THE SOUTH AFRICAN
DEPRESSION AND ANXIETY
GROUP

facebooktwitter

IN THE WORKPLACE

New Research on Depression in the Workplace.

For more information please click here

business

SADAG NEWSLETTER

To subscribe to SADAG's newsletter, click here

JOURNAL

Mental Health Matters Journal for Psychiatrists & GP's

MHM September 207x300

Click here for more info on articles & how to subscribe

SPEAKING BOOKS

suicide book

Literacy is a luxury that many of us take for granted.  We depend on written communication for information, guidance, and access to heath care information That is why SADAG created SPEAKING BOOKS and revolutionized the way information is delivered to low literacy communities. It's exactly what it sounds like.a book that talks to the reader in his or her local  language, delivering critical information in an interactive, and educational way.

The customizable 16-page book, accompanied by local celebrity audio recordings, ensures that vital health and social messages can be seen, heard, read and understood..

We started with books on Teen Suicide prevention , HIV, AIDS and Depression, Understanding Mental Health and have developed over 30 titles, such as TB, Malaria, Polio, Vaccines for over 30 countries.

depression book

Weight Loss Improves Mood In Depressed People, New Research Shows

ScienceDaily (July 29, 2009) — Research to be presented at the Annual Meeting of the Society for the Study of Ingestive Behavior (SSIB) finds that after a 6-month behavioral weight loss program, depressed patients not only lost 8% of their initial weight but also reported significant improvements in their symptoms of depression, as well as reductions in triglycerides, which are a risk factor for heart disease and stroke. The results of this study highlight the need for further research into the effects of weight loss in individuals suffering from psychiatric disorders.

“This research is novel because clinically depressed individuals are not usually included in weight loss trials due to concerns that weight loss could worsen their depression,” said Dr. Lucy Faulconbridge, lead author of the study. “These concerns, however, are not based on empirical evidence, and the practice of excluding depressed individuals from clinical weight loss trials means that we are learning nothing about this high-risk population.” The latest findings suggest that depressed, obese individuals can indeed lose clinically significant amounts of weight, and that weight loss can actually reduce symptoms of depression.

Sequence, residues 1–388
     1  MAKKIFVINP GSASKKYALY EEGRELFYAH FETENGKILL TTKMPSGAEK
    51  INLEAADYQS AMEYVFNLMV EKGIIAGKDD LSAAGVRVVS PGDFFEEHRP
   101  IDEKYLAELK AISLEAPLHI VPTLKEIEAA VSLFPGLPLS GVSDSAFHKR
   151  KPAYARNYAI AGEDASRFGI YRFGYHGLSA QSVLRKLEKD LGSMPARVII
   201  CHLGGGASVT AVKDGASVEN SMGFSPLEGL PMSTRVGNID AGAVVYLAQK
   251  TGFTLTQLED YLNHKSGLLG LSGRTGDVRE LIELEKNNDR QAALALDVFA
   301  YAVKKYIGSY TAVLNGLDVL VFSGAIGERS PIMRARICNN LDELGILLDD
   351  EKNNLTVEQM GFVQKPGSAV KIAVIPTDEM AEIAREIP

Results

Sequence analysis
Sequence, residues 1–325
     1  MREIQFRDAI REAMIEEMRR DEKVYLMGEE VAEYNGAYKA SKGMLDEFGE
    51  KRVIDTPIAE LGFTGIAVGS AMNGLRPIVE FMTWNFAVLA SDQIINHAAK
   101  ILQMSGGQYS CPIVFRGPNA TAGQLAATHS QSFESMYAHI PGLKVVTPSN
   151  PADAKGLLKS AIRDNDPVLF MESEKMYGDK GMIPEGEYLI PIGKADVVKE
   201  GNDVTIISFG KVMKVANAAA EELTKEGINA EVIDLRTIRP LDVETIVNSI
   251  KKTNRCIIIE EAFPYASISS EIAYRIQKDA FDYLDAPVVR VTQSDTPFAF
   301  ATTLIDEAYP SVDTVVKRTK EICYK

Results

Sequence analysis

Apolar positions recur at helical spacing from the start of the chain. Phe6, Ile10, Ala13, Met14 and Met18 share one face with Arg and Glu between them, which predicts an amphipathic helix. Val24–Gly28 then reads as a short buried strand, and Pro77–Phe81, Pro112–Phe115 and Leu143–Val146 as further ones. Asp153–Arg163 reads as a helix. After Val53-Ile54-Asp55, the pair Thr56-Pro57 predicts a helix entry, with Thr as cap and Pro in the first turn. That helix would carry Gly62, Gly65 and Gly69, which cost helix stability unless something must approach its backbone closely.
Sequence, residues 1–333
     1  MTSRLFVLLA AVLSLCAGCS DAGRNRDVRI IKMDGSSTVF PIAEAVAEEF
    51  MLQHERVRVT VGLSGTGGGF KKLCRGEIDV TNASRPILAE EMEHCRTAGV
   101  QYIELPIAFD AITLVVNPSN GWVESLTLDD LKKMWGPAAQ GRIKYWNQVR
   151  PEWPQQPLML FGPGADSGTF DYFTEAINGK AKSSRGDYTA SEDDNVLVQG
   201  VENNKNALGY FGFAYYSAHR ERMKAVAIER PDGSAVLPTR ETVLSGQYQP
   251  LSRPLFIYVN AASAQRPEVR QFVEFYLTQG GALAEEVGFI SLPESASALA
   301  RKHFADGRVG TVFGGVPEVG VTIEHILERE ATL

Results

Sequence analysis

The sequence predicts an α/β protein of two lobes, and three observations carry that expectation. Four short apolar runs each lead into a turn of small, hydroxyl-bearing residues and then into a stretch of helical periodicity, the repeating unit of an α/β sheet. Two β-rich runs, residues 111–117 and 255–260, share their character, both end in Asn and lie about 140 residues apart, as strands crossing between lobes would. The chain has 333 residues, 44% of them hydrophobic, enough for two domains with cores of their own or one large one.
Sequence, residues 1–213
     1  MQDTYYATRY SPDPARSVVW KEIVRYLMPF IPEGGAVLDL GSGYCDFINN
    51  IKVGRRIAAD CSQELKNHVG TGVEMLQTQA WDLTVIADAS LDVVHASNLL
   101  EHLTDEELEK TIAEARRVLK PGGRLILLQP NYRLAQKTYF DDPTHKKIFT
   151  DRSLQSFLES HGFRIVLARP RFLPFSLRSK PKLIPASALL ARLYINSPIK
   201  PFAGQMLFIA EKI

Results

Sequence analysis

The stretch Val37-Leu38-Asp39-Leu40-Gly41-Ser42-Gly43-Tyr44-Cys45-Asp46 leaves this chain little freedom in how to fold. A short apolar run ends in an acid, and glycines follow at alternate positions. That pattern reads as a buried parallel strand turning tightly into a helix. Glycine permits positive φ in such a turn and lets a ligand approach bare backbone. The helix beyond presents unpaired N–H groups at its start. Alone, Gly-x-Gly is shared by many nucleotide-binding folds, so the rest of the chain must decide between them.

Fifty-one depressed and non-depressed subjects were recruited into the study to follow a supervised weight loss program that included lifestyle modification and meal replacements. Both depressed and non-depressed subjects lost significant amounts of weight, with depressed individuals losing 8% of their initial body weight, compared with 11% loss by non-depressed individuals. After 6 months on the weight loss program, depressed subjects also showed significant improvement of their depressive symptoms, based on a questionnaire.

Additional significant improvements in glucose, insulin and high density lipoprotein (HDL) cholesterol were observed in both depressed and non-depressed subjects, and depressed individuals showed reduced levels of triglycerides in the blood, which have been linked to risk of heart disease and stroke. “Depression and obesity are independently associated with increased risk of heart disease and stroke, and so reductions in both body weight and symptoms of depression are likely to improve long-term health outcomes” said Faulconbridge.

This research was supported by NIDDK:DK069652-04 and National Institute of Health.

The lead author was Lucy Faulconbridge, University of Pennsylvania School of Medicine, Philadelphia, PA, USA. Co-authors were TA WADDEN, LS JONES-CORNEILLE, DB SARWER, M PULCINI, L BERGELSON. University of Pennsylvania School of Medicine, Philadelphia, PA, USA

 

Our Sponsors

Our Partners